<div id="deviceready">
    <div class="event listening">
      <i class="fa fa-refresh fa-spin"></i>
    </div>
  </div>
  <div class="container">
    <!-- input area -->
    <h1>Tutorial 5</h1>
    <div class="row">
      <input type="text" class="u-full-width" id="pageTitle" placeholder="Wikipedia starting page">
    </div>
    <div class="row">
      <div class="six columns">
        <input type="button" class="button-primary u-full-width" id="submitButton" value="Start graph" type="submit">
      </div>
      <div class="six columns">
        <input type="button" class="button-primary u-full-width" id="redoLayoutButton" value="Redo layout" type="submit">
      </div>
    </div>
    <!-- graph area -->
    <div id="cy"></div>
  </div>

  <script type="text/javascript" src="js/jquery.js"></script>
  <script type="text/javascript" src="js/cytoscape.js"></script>
  <script type="text/javascript" src="js/jquery.qtip.min.js"></script>
  <script type="text/javascript" src="js/cytoscape-qtip.js"></script>
  <script type="text/javascript" src="js/graph.js"></script>
  <script type="text/javascript" src="cordova.js"></script>
  <script type="text/javascript" src="js/index.js"></script>
</body>

You may recognize the various classes (such as container, row, and columns) from Tutorial 4; in fact, we’re reusing a lot of that code because the UI is very similar—an input field and two buttons. Likewise, we’re reusing the Font Awesome loading spinner from previous tutorials. This time it’s in the deviceready section and will appear while the application is loading. As always, we’re using a <div id="cy"> element for holding the graph.

Unlike before, scripts are now at the very end of <body>, saving us from using a DOMContentLoaded listener. cordova.js and js/index.js are necessary for Cordova to function; the remaining files are our own and relate to Cytoscape.js.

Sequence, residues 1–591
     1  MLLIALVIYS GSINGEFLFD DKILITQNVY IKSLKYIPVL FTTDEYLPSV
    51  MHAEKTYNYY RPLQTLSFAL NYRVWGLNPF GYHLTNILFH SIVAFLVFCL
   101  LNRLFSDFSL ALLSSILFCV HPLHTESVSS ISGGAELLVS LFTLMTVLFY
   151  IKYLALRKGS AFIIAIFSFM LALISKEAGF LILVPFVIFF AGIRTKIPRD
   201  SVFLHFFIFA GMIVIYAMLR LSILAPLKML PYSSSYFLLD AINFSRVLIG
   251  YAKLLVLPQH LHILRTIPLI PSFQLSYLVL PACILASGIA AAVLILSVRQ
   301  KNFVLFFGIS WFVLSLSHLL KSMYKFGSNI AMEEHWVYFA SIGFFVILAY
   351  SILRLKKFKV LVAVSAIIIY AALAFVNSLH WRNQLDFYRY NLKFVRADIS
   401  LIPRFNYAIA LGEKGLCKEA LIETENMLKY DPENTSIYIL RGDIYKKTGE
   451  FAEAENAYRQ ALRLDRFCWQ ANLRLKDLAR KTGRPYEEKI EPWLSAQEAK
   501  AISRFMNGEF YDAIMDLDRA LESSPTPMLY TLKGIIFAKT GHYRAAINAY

Small changes to index.js

Within the js/ folder, there’s a file named index.js that Cordova created for us. We’ll change it some; because we aren’t using any device plugins (GPS, orientation, etc.) we don’t have to wait for a deviceready event. If you compare index.html to the original index.html that Cordova created for us, you’ll notice that there is no longer any element with the received class. Therefore, we’ll remove the associated code from the receivedEvent function in index.js:

  receivedEvent: function(id) {
    var parentElement = document.getElementById(id);
    var listeningElement = parentElement.querySelector('.listening');

    listeningElement.setAttribute('style', 'display:none;');

    console.log('Received Event: ' + id);
  }

The code for our listening class is still present as we are using it for showing the Font Awesome loading icon during application loading and hiding it when loading has finished. The rest of index.js is unchanged.

index.css

We need to make a number of changes to index.css to bring it in line with the many modifications we made to index.html, as well as to make sure our graph has room. Delete the old code and replace it with the following:

html, body {
  height: 100%;
}

#deviceready {
  height: 100%;
  width: 100%;
}

.container {
    display: flex;
    flex-flow: column;
    height: 100%;
}

#deviceready {
  position: absolute;
  left: 0;
  top: 50%;
  width: 100%;
  text-align: center;
  margin-top: -0.5em;
  font-size: 2em;
  color: #fff;
}

#cy {
    flex: 1 1 auto;
}

The common theme here is: use as much space as possible. We can’t rely on automatic height properties here because we want our graph to take up as much space as possible. If we allowed the height to be determined automatically, we’d end up with a 0px tall graph because the <div id="cy"> element does not take up any space by default. We’ll use the same flexbox based layout from Tutorial 4 to help us with filling the phone screen here.